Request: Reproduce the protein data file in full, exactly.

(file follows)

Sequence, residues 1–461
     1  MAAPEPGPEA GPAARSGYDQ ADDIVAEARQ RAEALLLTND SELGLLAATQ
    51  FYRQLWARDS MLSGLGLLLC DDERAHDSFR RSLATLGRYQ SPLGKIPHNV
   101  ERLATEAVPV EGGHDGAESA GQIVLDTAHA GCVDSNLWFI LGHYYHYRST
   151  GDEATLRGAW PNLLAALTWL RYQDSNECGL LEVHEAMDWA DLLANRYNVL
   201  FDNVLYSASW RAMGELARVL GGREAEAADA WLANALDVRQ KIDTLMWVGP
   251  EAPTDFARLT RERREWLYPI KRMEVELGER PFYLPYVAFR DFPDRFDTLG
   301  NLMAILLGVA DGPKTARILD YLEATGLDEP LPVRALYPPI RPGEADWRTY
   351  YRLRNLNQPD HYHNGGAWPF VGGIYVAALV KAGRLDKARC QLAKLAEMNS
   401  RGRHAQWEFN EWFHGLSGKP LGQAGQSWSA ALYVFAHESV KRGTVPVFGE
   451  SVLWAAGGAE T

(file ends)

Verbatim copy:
Sequence, residues 1–461
     1  MAAPEPGPEA GPAARSGYDQ ADDIVAEARQ RAEALLLTND SELGLLAATQ
    51  FYRQLWARDS MLSGLGLLLC DDERAHDSFR RSLATLGRYQ SPLGKIPHNV
   101  ERLATEAVPV EGGHDGAESA GQIVLDTAHA GCVDSNLWFI LGHYYHYRST
   151  GDEATLRGAW PNLLAALTWL RYQDSNECGL LEVHEAMDWA DLLANRYNVL
   201  FDNVLYSASW RAMGELARVL GGREAEAADA WLANALDVRQ KIDTLMWVGP
   251  EAPTDFARLT RERREWLYPI KRMEVELGER PFYLPYVAFR DFPDRFDTLG
   301  NLMAILLGVA DGPKTARILD YLEATGLDEP LPVRALYPPI RPGEADWRTY
   351  YRLRNLNQPD HYHNGGAWPF VGGIYVAALV KAGRLDKARC QLAKLAEMNS
   401  RGRHAQWEFN EWFHGLSGKP LGQAGQSWSA ALYVFAHESV KRGTVPVFGE
   451  SVLWAAGGAE T